My Mom used to work at Woolworth. Wonderful pic! I am guessing that image is from or judging by the fact the mall had not yet been expanded, yet Parks-Belk had already arrived in the old Britts space.
I'm also confused now Now I am wondering what that back entrance was between the two current Belk stores. BTW, how did that name "Miracle Mall" come about anyway? Also, did the mall open in instead of ? I wish I could answer the questions about the "Miracle Mall" name and the location of Kroger, but I only remember the mall from the early-mid 80's onward.
I did, however, find a cool picture of the mall's sign ca. Notice it only says "The Mall". The entrance you probably saw is now a conference room used by the Johnson City Medical Center. I have to admit that the picture that most caught my eye was the atrocious pink sign, and not just because of the faded color. TWO Belk signs? But two plain "Belk" logos? That just seems greedy.
Plus, the sign looks off-balanced, which just drives my hard-wired, OCD, accountant mind crazy. We go through Johnson City at least twice a year, but our only stop is usually Perkins or to get coffee at Books-a-Million across Roan Street from the mall.
I was, however, in Britts at some point in the mid-seventies. It was my first time driving through Johnson City, and I stopped only because there was a department store that I had never heard of before. I remember it looking somewhat like the Sears and Penney's of that era inside. I remember buying a Carpenter's album there, indicating a wide range of departments.Hi, I discovered your blog as a link from Labelscar - I'm glad I found it - being English I've always had a fascination with American mall 'culture' and you guys satisfy my curiosity on a regular basis!
I had to comment on the carpets - not only are they very odd but they also look rather expensive, perhaps even one-off designs specifically commissioned for that mall. It seems like a strange choice when as you implied in the blogpost the last renovation was aimed at de-cluttering the place although I'm with just about everyone else on this issue regarding renovations - s fountains and the like should be allowed to stay where they are!
Hey Londoneer, I was indeed curious about international fans of the blog or even fans on the West Coast for that matterbecause I really did not think there would be interest outside of the Southeastern US aside from an accidental click, but I guess I was wrong! I'm glad you love this and Labelscarand I personally wish there was something similar for retail in the UK as well as other native English-speaking countries that have embraced suburbanization to a degree as well.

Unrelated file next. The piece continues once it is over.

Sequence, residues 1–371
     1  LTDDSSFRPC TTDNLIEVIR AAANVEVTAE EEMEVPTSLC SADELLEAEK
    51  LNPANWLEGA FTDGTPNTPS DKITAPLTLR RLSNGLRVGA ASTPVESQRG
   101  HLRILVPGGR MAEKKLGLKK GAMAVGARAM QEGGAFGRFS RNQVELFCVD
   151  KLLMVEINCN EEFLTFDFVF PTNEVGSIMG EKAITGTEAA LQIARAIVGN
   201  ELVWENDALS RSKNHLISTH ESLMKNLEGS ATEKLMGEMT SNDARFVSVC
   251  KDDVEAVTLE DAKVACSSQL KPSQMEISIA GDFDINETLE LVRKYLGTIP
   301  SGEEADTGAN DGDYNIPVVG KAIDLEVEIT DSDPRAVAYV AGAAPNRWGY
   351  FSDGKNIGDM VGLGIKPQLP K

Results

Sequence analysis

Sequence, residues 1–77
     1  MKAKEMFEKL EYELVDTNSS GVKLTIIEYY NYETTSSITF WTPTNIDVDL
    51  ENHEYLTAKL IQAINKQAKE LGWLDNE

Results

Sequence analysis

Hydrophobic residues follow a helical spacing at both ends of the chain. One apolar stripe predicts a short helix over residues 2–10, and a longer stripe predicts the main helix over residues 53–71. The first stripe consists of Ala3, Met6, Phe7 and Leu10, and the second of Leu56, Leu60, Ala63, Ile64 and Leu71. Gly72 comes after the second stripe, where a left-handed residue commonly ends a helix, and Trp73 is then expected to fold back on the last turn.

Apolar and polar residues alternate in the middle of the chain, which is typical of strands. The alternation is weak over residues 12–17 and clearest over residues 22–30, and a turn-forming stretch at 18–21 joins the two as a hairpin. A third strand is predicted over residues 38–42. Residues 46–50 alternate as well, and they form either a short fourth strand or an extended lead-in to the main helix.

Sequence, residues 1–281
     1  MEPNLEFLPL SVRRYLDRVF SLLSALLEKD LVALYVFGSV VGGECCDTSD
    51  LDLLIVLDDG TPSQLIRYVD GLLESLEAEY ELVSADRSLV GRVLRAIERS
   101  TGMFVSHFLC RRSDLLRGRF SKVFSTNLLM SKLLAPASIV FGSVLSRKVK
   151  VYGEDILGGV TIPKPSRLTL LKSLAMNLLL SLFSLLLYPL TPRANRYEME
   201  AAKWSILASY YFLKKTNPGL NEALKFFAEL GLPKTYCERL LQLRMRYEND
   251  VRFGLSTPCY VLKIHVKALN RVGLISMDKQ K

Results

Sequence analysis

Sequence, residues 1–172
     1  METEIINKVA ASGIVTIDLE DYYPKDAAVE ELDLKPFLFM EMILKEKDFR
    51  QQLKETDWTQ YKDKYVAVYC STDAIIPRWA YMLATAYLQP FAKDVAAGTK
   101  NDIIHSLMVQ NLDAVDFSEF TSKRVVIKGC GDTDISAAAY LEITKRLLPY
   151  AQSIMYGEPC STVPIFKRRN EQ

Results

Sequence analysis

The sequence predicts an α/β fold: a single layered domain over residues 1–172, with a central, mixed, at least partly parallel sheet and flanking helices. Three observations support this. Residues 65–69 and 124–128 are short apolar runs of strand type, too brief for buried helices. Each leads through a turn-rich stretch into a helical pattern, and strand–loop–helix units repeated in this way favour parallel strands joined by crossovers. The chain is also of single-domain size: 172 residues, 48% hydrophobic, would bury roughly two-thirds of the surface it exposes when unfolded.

Labelscar has made some effort outside of the US, but international travel has been unaffordable for me aside from Google Street View lol. I am not sure exactly what you mean by "mall culture" other than it having a lot to do with the fact that the development here tends to be so much more recent and so heavily pushed by the government post-WWII to de-centralize the population during the Cold War.
These suburbs cropped up on undeveloped woods and farmland for the most part: a whole new area evolving in almost every city overnight, but also built with minimal planning and maximum profits in mind thus the intoxicating suburbs. The whole advent of suburban shopping centers was all a result of a change in the tax code in that allowed large scale developments to claim a loss in order to not go bankrupt, thus the large malls and strip shopping centers in lieu of the classic downtown stores.
It was sad, though, to see over a century of downtown retailing and storied department stores all close due to suburban cannibalization, mergers and emigration from the city, but nobody can deny it is far more convenient and cheaper. If you look at my description, I think it's pretty clear what drives us with this is the fact that places like this were our downtowns. It was rather shocking to us to see the places we grew up with just fade and disappear as we reached adulthood partly due to the aging of such places coupled with migration of the poor from the inner cities into the older suburbs.
The development was cookie cutter, often unsightly and very unnatural, but it made a strong impression on us nonetheless as it was the world we knew best full of symbolic fractal patterns all similar, yet different. In fact, it seems most that we found familiar as kids is gone As for me, I sorely miss the older 60's, 70's and 80's elements and clearly I am not alone. Malls were visually striking in those days, and they were more fun too with a more diverse selection of stores than they have today.
Toy stores, book stores, sit-down restaurants, food courts with unique flavors, drug stores, electronic stores and other specialty shops seem to have mostly left the enclosed malls. This lack of diversity makes the less fashion-driven malls extremely vulnerable, thus the spike in dead and dying malls aside from the economy and overbuilding.
Shopping centers also had far more to choose from with many competing regional grocery, discount and drug store chains. Add to that that the unfortunate American way is to trash our own history: it is a huge fight to save any structure over 40 years old, because we seem to believe that new is always better even if it is not.
The modernism backlash that began in the 90's only intensified that. A note on the carpets, expensive or not they tend to look pretty bad, but obviously better than a plain tile floor. I believe that such noisy carpets were partly used to distract shoppers from the fact that the truly expensive, elegant features were all but removed.